Dog Soldiers (2002)
Directed by Neil Marshall

Starring Emma Cleasby Kevin McKidd Liam Cunningham Sean Pertwee Thomas Lockyer

A brilliant, amazing, fun-as-fucking-hell action-horror film from Britain, "Dog Soldiers" may even be a better werewolf film than "Ginger Snaps." It was, at least, one of the very best horror films of 2002, and is a vastly different look at lycanthropy than that Canadian comedy. Sadly, like the previous year's "Ginger Snaps," this wasn't snapped up by major studios and sent to cineplexes across America. At the time of this writing it was still looking for a distributor in the U.S., after enjoying a successful crowd-pleasing run in Britain.

It boasts a pretty big budget for a horror film. A cross between "Scarecrows," "The Howling," "Zulu Dawn," and (of course) "Aliens," "Dog Soldiers" is about a group of British soldiers on a routine training mission in a remote Scottish forest. They come across a badly wounded member of a special ops team, who appears to have been attacked by a wild animal. As the sun starts setting, they find themselves under attack by an army of lycanthropes (that is, werewolves). After their leader is badly injured to the point where his guts are hanging out the group manages to hook up with a lovely, twentysomething female zoologist who just happens to be passing as they stumble out onto a road. They all take shelter in an abandoned house nearby.

She informs them that just about the entire population of this woodsy community consists of lycanthropes, and she's hoping these men have come to rescue her. Not quite believing her, the group takes refuge in a small house, with the last two-thirds of the film playing like a cross between "Night of the Living Dead" and "Aliens," with werewolves coming at them from every opening in the home. No CGI was used to create the werewolves, which look pretty damn impressive (definitely better in the film than they do in the movie stills).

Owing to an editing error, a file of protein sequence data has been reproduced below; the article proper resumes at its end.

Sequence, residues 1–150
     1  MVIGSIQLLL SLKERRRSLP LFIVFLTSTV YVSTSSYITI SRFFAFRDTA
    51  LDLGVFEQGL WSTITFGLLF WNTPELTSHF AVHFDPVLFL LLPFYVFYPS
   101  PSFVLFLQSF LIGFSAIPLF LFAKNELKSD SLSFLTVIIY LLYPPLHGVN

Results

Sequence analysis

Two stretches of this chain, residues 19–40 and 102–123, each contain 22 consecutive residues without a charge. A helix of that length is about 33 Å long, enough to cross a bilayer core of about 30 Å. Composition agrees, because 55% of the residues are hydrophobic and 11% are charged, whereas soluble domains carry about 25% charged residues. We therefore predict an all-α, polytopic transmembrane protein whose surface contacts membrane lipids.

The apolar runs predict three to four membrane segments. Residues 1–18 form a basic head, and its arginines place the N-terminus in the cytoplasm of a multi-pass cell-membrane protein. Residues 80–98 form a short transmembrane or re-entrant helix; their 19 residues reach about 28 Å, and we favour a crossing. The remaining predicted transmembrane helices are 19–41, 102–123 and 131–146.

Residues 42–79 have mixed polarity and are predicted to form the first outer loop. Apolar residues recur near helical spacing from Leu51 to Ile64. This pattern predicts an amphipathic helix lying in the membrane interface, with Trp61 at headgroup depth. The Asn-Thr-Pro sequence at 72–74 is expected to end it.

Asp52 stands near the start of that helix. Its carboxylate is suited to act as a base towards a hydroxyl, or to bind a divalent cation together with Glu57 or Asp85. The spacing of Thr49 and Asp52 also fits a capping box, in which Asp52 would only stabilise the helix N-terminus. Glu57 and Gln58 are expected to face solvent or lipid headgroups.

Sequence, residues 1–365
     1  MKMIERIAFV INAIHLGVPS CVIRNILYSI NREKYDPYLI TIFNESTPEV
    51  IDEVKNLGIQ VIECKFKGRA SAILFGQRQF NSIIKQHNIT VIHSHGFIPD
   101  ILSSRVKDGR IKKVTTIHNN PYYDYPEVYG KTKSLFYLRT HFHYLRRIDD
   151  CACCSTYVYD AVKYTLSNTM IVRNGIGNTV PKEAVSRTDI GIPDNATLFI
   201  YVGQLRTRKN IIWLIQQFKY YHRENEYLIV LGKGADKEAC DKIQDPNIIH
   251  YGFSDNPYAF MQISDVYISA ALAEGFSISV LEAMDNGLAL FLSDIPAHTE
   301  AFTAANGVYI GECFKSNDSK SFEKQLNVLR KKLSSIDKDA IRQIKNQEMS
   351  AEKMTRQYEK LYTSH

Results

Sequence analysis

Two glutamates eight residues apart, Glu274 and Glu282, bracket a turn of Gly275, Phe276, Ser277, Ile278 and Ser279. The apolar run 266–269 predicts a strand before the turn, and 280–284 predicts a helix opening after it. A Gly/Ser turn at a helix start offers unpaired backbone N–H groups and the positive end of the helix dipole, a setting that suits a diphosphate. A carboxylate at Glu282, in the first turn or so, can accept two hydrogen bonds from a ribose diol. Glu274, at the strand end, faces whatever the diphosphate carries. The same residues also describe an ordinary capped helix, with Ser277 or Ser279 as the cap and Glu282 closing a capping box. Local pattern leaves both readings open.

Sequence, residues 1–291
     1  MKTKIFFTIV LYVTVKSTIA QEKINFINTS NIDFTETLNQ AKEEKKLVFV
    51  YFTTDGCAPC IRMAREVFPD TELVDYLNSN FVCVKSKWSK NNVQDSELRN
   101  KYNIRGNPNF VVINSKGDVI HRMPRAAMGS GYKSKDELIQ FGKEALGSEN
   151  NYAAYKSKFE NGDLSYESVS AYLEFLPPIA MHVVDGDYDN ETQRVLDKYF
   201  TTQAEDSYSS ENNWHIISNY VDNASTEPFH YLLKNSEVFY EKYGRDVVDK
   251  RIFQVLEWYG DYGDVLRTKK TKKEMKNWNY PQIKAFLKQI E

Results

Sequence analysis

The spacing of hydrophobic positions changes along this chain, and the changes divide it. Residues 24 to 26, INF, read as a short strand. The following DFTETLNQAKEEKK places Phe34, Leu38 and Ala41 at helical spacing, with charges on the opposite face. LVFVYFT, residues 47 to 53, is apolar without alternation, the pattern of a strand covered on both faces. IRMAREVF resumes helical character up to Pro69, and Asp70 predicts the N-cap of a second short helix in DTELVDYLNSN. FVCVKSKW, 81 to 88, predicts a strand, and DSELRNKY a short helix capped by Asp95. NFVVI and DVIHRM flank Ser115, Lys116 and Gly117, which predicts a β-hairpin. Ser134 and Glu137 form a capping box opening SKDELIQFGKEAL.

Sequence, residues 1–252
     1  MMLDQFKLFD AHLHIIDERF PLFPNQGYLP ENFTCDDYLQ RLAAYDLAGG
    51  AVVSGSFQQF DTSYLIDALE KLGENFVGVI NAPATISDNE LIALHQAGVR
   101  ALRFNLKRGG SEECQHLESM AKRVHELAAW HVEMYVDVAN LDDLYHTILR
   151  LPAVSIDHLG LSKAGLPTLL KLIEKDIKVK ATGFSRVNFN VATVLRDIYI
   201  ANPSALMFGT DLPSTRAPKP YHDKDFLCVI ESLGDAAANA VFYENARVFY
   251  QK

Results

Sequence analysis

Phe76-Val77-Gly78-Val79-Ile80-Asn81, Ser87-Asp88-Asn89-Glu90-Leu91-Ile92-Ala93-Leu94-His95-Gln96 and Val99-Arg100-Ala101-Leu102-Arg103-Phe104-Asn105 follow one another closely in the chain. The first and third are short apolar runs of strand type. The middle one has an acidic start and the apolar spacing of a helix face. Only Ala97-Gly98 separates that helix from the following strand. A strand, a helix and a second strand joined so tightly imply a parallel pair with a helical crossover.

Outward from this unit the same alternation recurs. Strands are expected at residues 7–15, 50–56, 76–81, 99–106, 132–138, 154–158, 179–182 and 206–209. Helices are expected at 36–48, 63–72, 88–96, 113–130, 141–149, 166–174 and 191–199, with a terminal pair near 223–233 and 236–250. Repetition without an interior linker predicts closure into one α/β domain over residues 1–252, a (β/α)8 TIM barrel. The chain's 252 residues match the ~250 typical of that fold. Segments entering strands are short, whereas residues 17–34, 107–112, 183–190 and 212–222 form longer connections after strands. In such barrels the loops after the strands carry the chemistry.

Ever since Hammer Films dissolved in the 1970s, quality British horror has been an endangered species. As a matter of fact, off the top of my head I can't even think of as high-quality a British horror film from the past quarter century as this one. Truth is, "Dog Soldiers" is far better than most of the stuff being generated out of the United States these days, with bloody, realistic effects; a great story; and genuinely tense action. Is it better than that last kick-ass horror-actioner, "Blade 2"? Arguably, yes. "Dog Soldiers" is taking on such an original idea -- war with werewolves -- and delivering something totally unique. "Blade 2" was technically a better movie, but as a sequel to one of the best horror-action films of all time, it had a lot going for it already.

Like all landmark horror films, "Dog Soldiers" takes the conventions of a subgenre (in this case werewolf movies) and tears them apart. It does for werewolf movies what "Blade" did to vampire films. Unlike too many horror films today, it doesn't flinch at bloodshed. "Gut-wrenching" is a good way to describe part of "Dog Soldiers." If you catch the scene with the house pet and the injured officer with his guts hanging out, you'll know what I mean.

"Dog Soldiers" is definitely going to be a classic. Unfortunately, it may be relegated to limited theatrical showings in the U.S., not unlike "Ginger Snaps," before heading to video. If there's any justice left in America, it will be playing at cineplexes across the country before it heads to the small screen. But don't count on it.



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-- Review by Lucius Gore

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